A second court of appeals has refused to adopt a National Labor Relations Board (NLRB) decision declaring an employee’s speech violated the National Labor Relations Act.  See Tecnocap, LLC v. NLRB, 2021 U.S. App. LEXIS 18080 (4th Cir., June 17, 2021). Similarly, in a decision issued earlier this month, the D.C. Circuit vacated an NLRB decision, finding instead it was not unlawful for an employer to make a false statement. See Trinity Servs. Grp. v. NLRB, 2021 U.S. App. LEXIS 16314 (D.C. Cir., June 1, 2021) (which we blogged about here). In Tecnocap, the Fourth Circuit deemed the NLRB’s decision out of bounds because in its view the employer’s speech “communicated accurate and lawful information,” and did not constitute unlawful “direct dealing” with its employees.
Continue Reading NLRB Loses Second Recent Speech Decision

Special thanks to presenters Johan Botes (Johannesburg), Joanna Matthews-Taylor (Dubai) and Sertac Kokenek (Istanbul – Esin Attorney Partnership).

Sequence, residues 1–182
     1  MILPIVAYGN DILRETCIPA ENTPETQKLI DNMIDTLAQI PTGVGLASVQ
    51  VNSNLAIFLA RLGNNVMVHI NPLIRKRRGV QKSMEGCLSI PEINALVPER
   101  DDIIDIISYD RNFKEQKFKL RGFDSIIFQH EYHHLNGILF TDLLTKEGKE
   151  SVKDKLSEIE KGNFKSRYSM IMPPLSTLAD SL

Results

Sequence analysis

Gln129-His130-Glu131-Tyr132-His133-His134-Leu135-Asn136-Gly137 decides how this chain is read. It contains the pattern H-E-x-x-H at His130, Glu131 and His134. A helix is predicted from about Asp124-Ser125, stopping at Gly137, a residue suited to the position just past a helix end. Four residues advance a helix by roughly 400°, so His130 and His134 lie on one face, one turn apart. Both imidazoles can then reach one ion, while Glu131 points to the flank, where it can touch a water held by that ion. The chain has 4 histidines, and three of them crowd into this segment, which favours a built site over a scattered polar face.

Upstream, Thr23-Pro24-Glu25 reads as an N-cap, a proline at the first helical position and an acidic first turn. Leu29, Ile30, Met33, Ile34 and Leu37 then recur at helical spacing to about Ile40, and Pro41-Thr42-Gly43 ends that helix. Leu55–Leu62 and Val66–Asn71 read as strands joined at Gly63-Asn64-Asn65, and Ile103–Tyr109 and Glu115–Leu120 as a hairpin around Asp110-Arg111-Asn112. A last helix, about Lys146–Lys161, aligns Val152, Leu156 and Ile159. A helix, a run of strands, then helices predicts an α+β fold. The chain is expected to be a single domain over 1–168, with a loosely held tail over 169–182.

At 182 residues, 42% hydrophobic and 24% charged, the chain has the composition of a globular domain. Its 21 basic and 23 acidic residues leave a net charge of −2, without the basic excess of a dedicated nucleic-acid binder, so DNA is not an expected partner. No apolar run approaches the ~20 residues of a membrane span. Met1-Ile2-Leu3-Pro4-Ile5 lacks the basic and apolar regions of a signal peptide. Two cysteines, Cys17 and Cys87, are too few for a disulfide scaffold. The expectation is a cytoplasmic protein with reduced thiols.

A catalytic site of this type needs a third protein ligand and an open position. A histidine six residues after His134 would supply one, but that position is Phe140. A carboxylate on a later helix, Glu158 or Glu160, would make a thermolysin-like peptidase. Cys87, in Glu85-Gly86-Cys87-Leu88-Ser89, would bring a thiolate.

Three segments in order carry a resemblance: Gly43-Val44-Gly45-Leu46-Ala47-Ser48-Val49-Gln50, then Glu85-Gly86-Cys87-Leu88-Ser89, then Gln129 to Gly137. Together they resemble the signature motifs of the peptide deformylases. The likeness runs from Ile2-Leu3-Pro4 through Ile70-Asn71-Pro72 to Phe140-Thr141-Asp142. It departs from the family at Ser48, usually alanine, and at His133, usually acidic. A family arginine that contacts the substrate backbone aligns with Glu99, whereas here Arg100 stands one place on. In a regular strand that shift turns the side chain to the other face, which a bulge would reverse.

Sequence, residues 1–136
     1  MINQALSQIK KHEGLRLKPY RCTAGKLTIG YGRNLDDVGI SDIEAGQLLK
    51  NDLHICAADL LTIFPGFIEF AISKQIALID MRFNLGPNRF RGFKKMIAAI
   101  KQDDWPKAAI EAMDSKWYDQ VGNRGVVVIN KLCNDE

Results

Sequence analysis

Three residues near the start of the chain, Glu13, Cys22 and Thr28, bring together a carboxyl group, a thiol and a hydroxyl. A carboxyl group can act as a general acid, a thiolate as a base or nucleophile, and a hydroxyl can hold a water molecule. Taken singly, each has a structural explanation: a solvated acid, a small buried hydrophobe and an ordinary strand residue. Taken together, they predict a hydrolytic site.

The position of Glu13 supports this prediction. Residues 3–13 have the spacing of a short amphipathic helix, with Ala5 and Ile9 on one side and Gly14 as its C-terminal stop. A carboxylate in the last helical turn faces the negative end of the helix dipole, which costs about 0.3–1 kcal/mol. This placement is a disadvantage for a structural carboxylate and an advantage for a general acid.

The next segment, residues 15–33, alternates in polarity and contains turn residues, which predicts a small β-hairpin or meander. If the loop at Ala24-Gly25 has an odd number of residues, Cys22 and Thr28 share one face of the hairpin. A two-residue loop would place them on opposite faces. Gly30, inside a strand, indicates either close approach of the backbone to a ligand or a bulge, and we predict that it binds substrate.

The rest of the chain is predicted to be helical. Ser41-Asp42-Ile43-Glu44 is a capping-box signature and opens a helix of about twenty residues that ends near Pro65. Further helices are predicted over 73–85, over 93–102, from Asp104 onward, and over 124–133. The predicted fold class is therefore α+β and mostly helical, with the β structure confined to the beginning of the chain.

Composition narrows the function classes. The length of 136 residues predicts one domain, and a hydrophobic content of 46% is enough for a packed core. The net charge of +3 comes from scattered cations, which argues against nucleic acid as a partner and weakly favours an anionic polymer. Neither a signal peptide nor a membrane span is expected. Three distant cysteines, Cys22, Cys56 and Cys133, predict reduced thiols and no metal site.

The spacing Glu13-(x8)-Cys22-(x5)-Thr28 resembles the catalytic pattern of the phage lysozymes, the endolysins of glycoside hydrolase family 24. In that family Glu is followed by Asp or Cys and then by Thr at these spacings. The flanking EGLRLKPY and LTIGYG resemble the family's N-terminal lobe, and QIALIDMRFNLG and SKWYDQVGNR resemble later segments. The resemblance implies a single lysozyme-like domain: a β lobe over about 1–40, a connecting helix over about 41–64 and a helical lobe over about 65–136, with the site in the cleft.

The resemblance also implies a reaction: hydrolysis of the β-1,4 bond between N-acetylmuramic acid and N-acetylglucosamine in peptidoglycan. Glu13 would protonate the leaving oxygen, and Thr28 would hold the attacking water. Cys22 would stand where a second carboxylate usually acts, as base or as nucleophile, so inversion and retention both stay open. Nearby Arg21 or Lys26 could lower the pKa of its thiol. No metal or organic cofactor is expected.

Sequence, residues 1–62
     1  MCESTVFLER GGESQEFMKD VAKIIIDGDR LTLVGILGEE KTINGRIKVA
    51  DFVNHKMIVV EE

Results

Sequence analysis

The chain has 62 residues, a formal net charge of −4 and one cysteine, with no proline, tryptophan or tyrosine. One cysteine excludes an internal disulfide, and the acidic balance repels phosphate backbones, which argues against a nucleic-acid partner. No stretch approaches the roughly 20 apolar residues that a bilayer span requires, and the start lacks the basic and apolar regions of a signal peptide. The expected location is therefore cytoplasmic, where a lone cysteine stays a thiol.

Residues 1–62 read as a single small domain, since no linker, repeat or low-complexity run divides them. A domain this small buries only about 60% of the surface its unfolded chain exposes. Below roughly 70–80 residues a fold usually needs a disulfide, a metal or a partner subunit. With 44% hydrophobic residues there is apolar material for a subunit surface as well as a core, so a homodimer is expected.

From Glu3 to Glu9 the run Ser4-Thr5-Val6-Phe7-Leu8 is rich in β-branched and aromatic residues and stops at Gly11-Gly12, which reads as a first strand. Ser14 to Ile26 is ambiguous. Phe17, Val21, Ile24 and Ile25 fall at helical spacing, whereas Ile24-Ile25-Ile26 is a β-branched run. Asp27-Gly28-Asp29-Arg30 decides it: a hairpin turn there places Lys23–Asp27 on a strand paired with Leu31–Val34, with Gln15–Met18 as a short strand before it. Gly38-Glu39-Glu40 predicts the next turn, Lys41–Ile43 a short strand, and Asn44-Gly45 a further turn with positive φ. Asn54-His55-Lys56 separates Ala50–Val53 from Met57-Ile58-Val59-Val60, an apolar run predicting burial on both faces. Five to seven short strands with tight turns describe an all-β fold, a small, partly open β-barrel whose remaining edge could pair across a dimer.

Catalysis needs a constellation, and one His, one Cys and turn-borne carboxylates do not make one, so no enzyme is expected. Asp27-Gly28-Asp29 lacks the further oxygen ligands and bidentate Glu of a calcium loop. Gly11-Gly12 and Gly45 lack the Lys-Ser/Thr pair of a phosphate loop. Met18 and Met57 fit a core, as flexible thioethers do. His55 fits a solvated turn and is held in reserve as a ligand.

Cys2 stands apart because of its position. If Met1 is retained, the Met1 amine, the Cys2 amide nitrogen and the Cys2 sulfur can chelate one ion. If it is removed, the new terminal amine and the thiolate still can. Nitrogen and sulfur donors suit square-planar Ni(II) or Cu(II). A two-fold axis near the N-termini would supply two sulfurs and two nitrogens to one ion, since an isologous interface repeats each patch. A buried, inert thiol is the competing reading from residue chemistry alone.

Our four-part Global Guided Tour for US Multinational Employers webinar series is your passport to ensure that your organization is up to speed on the key labor and employment issues affecting business operations in Europe, the

On February 4, 2021, House Democrats reintroduced the Protecting the Right to Organize Act of 2019 (PRO Act). The sweeping labor legislation, which would return many provisions of current labor laws to their pre-1947 status, would create new claims and impose punitive penalties and strengthen a number of union and employee rights. The legislation has

President Biden did not waste any time after taking office on January 20, 2021. Shortly after the Presidential Oath of Office was administered, Biden signed 17 executive actions, which either impact the workplace or provide insight into what may be forthcoming under the new administration for employers.

A Flurry of Executive Orders on Day One

Biden issued a memorandum to agencies to freeze all last-minute regulations put in motion by the prior administration as President Trump was leaving office. Notably, these regulatory “freeze memos” are not uncommon for incoming administrations to issue. This pause on the prior administration’s last-minute regulations will give the Biden administration the opportunity to evaluate the so-called “midnight regulations” and determine if they will become final, be amended, or rescinded altogether.